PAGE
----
However, when the switch is open, The current through R5 adds to the current through R1. The only way to make sure that Q3 cuts off is to make sure that the voltage drop across R5 is less than 0.65 V. The only way to do that with this circuit is to make sure that R5 is much smaller than R1.

All of this serves to illustrate why you need to have some basic test equipment when you're messing around with circuits at this level. If you had measured some of the voltages in the circuit with a simple multimeter with the switch both opened and closed, you would have immediately realized that things were not working as you expected, and possibly worked out why on your own.

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It sounds as though one only of your switches is "leaking" at all times. If you have built the circuit correctly AND if the transistors are undamaged this should not happen.

Re Sw1 and Sw2.
Off is close close or open open.
Direction 1 is open close.
Direction 2 is close open.

With SW1 Sw2 open open, Mleft and Mright should both be at close to ground.

With SW1 Sw2 closed closed, Mleft and Mright should both be at close to Vcc.

In either of these cases the motor cannot turn. If it does turn the above voltages cannot be correct. Identify which voltage is wrong and then why - either base drive is not as expected or a transistor is damaged or the circuit is wrong. You should "easily" be able to find this by working through the above and then following up on the implications when a voltage is not as it should be.


ADDED

The extra information makes it clear what is happening:

The unlabelled resistors are 100 ohm ones. The motor draws around 100mA (slightly less, around 98) when connected directly to the supply. The PNP transistors are 2N4403's and I use 2 different NPN transistors: BC182 & 2N3904. The BC182 only supports 100mA, the others are higher rated, but the motor doesn't really go above that... My Arduino supplies 5 Volts, with the resistors that should make 4.5 mA to the base, I'm not sure how to interpret the data sheets to tell if this is enough for saturation..

Call the 4 x 100 Ohm resistors RLU RRU RLL RRL (R_left_upper, R_right_upper ...). 100 Ohms is too low in this context relative to the R5 & R6 1K resistors. Have Sw1 open and remove R6 for now. Then: with 3V supply, Q3b (Q3 base) will be about 0.6V below supply = 2.4V with 3V supply. Q1b = anout 0.6V. So V across RLu + Rll = (2.4 - 0.6) = 1.8V so I via RLu and Rll ~= V/I = 1.8/200 = 9 mA. This flows in both Q1 and Q2 base so they can support Beta x Ib collector current as "shoot through" current. If you now close Sw1 Q1 is off and Q3 on as intended. BUT if you open SW1 and re-add R6 the 1K is not enough to pull the centre point of RLu and RLl up enough to turn Q1 off. SO when a switch is open it's top transistor will be pulled into partial on-conduction mode.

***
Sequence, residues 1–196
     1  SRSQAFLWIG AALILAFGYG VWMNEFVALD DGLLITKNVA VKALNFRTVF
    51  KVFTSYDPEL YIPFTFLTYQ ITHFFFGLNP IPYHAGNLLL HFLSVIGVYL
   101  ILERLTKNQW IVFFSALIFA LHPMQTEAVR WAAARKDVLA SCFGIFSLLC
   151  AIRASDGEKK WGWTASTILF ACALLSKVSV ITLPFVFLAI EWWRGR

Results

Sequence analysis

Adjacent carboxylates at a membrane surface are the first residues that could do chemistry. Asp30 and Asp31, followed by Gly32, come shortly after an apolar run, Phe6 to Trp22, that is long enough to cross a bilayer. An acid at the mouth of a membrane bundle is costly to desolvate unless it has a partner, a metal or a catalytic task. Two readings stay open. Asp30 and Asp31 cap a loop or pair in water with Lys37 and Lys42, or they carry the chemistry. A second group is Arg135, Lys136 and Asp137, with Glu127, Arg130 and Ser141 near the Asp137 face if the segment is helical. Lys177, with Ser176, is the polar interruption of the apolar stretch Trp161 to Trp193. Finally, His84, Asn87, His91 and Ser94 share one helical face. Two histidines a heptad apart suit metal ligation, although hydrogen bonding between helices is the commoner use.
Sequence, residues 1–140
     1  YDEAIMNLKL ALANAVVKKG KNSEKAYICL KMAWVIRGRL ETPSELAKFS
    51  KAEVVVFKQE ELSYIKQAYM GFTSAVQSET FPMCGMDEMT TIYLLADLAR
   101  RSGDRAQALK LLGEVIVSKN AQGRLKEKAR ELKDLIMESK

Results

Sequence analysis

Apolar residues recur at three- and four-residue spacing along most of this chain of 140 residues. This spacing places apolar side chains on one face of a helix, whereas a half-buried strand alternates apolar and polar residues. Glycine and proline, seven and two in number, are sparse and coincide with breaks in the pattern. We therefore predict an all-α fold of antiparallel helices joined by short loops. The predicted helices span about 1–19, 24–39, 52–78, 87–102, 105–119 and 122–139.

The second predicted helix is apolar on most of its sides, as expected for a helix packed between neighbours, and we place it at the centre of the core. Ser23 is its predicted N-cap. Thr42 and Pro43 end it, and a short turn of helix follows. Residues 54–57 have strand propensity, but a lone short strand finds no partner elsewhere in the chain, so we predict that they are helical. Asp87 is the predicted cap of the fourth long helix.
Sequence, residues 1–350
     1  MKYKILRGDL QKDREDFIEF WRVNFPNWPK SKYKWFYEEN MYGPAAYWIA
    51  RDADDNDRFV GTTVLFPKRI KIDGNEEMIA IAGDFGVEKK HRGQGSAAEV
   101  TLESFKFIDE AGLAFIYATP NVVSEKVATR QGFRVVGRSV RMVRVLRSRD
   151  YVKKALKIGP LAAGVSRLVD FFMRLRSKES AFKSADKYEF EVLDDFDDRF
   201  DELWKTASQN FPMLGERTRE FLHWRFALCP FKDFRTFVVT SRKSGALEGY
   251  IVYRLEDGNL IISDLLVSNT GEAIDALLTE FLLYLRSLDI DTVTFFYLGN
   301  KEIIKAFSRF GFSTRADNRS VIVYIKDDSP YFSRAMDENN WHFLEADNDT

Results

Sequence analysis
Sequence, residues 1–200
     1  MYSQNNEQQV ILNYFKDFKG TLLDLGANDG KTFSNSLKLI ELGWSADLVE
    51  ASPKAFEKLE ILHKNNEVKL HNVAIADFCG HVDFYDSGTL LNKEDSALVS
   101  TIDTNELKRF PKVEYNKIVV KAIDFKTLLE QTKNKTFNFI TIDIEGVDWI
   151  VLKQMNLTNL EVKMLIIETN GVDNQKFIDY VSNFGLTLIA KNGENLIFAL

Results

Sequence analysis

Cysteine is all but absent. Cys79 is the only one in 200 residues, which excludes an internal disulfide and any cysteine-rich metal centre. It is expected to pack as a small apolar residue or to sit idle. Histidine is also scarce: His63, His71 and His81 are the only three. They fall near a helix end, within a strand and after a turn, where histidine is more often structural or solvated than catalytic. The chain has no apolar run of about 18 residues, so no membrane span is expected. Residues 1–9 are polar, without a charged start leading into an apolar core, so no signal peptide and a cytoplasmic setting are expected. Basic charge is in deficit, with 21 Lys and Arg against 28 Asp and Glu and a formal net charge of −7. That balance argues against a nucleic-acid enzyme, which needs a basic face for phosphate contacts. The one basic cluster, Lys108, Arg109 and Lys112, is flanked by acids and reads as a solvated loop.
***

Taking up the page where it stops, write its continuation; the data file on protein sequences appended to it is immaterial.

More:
Agh - about here I see that Dave Tweed has said what I am in the process of saying :-) :-(.
So more briefly.
To overcome the above effect the pullup must cause the divider if Rlu, Rll, R6 and the two base "diodes" to allow the pullup to turn Q3 off.
To do this you want R6 to pull RLu_b closer than ~= 0.6V from top supply. Roughly
(Vcc-Vbe_Q1) x R6 / R6 + Rll) < 0.6V.
With Vcc = 3V and VBe_Q1 = 0.6V (it will be close but different to this) then RLu < ~ 100 x 0.6/(3-0.6) = < 25 Ohms.
This is "rather low."
You can instead increase the 4 x 100 Ohms to some higher value and perhaps decrease R5, R6 somewhat.

BC182 datasheet here

At 100 mA motor current the BC182 has a nominal mean Beta (current gain) of 80 but that is at a high Vce - so say Beta is ~= 25.
For 100 mA IC you then need Ib = 4 mA.
When base current flows via pullup R6 and Rll and Q1b you want total resistance under.
R = V/I = (Vcc-Vbe)/I = (3-0.6)V/4mA = 600 Ohms.
That is R6 + RLl.
And you need R6 << Rll etc as above.
...

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  • \$\begingroup\$ if those unlabeled resistors are less than about 4.7K he will have that problem, and 4.7K seems a bit on the high side if hes driving a motor \$\endgroup\$ – Jasen Jan 2 '16 at 11:17
  • \$\begingroup\$ @Jasen. Yes - I should have asked what value they were - and now have. It's more a amatter (I think) of whether he has enough drive for the motor current. \$\endgroup\$ – Russell McMahon Jan 2 '16 at 11:21
  • \$\begingroup\$ Please see my comment above for resitor values etc. Why is it that the BJT's leak when the resistor values to the base are too low (is that what you meant)? And maybe this is a stupid question, but what does Mleft and Mright mean? The motor circuits left and right? \$\endgroup\$ – eli6 Jan 2 '16 at 18:06